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If someone now studies the basics of the Python what should he do after that? Are there specific books he must read? Or, what exactly?

In other words, what is the pathway to mastering Python?

Thanks

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closed as not constructive by Felix Kling, Anthony Grist, Graham Borland, mgilson, Michael Petrotta Aug 15 '12 at 15:49

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Apprentice with Guido ... –  mgilson Aug 15 '12 at 15:49
    
It's the same formula with Python as in any programming language. Practice makes perfect. IMO you can try different programming problems online, like Project Euler. –  Gunnar Aug 15 '12 at 15:52

3 Answers 3

Write a lot of code (to solve your own problems, and/or participate in open source projects), hang out here, learn from the questions and then try to contribute.

I have learned a lot of things on SO, sometimes it's a bit harsh around here, but so far it's been definitely worth it. I've been made aware of some corners of Python I didn't even know existed.

The feedback you get (usually constructive) and the many (many!) alternative solutions you see to the same problem can be incredibly useful.

You can also set yourself some concrete goals (such as mastering Regular Expressions) and then dive into that with readings and exercises (and following those tags on SO).

=> At the end there's no substitute for actually writing code though.

ps: Working some of the Project Euler problems has taught me the value of carefully thinking about data structures and algorithms even more than I had before, as the problems can be non-trivial and resistent to brute-force approaches. This too has made me a better progammer, and has been both challenging and fun.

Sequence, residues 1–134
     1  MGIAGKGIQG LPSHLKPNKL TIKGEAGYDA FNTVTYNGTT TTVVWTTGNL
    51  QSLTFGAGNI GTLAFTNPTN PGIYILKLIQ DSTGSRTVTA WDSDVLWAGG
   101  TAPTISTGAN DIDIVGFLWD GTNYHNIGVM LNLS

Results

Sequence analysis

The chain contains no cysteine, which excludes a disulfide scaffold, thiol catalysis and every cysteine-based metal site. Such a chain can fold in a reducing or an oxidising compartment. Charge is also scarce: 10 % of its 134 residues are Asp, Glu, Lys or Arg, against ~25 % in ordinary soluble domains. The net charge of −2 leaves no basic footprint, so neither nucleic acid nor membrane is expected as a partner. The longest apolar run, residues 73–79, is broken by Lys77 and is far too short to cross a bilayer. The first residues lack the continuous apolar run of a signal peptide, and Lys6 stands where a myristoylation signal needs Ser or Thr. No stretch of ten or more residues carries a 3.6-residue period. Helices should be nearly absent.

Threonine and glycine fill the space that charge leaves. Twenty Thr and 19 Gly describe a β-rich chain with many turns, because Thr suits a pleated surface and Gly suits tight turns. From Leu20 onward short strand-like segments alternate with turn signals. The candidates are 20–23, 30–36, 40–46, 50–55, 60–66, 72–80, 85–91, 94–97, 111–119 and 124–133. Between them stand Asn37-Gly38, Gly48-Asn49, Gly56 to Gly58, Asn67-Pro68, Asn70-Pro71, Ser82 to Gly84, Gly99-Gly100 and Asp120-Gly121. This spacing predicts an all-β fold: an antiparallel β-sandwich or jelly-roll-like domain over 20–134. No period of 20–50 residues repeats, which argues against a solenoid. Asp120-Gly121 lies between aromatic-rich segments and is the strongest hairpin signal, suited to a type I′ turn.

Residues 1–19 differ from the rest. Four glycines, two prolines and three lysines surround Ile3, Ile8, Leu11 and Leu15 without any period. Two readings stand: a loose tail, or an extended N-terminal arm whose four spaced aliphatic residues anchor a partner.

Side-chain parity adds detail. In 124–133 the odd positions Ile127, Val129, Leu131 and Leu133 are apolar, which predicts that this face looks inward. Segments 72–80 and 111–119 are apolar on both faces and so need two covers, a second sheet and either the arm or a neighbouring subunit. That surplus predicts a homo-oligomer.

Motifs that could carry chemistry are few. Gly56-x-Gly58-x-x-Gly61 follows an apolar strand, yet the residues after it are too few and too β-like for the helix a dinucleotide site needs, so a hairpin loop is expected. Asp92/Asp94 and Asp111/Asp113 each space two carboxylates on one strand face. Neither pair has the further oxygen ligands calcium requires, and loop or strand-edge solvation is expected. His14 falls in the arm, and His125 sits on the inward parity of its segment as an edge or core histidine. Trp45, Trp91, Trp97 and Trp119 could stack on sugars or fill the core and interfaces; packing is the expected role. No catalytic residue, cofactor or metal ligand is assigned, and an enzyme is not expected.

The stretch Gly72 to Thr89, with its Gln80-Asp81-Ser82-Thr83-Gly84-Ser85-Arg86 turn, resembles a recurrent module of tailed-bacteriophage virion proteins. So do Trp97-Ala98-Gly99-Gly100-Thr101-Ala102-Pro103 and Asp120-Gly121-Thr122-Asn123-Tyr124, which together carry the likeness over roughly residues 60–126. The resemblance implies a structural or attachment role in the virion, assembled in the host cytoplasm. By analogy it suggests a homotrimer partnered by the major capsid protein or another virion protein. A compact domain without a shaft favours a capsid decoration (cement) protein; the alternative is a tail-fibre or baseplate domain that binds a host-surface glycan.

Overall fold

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+1 I totally agree, I learned a lot on StackOveflow. –  undefined is not a function Aug 15 '12 at 15:49
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I still learn a lot on SO ... –  mgilson Aug 15 '12 at 15:50

Start writing useful code. Learn object oriented Python. Learn enough to answer questions on SO.

Do the Python Challege

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Seriously, you just had to post the link to Python Challenge, didn't you. As if I wasn't spending enough time on SO and Project Euler already .. sigh ... :) –  Levon Aug 16 '12 at 0:34

Get a project you are interested in, start hacking (i.e. extend it, fix small bugs you encounter). There are a lot of opensource projects out there you can checkout.

You need experience, and experience comes from failing, failing is a result of trying. That's your way to go.

If you get stuck somewhere, always check back to SO or google - that will aid you fixing 99.9% of your issues.

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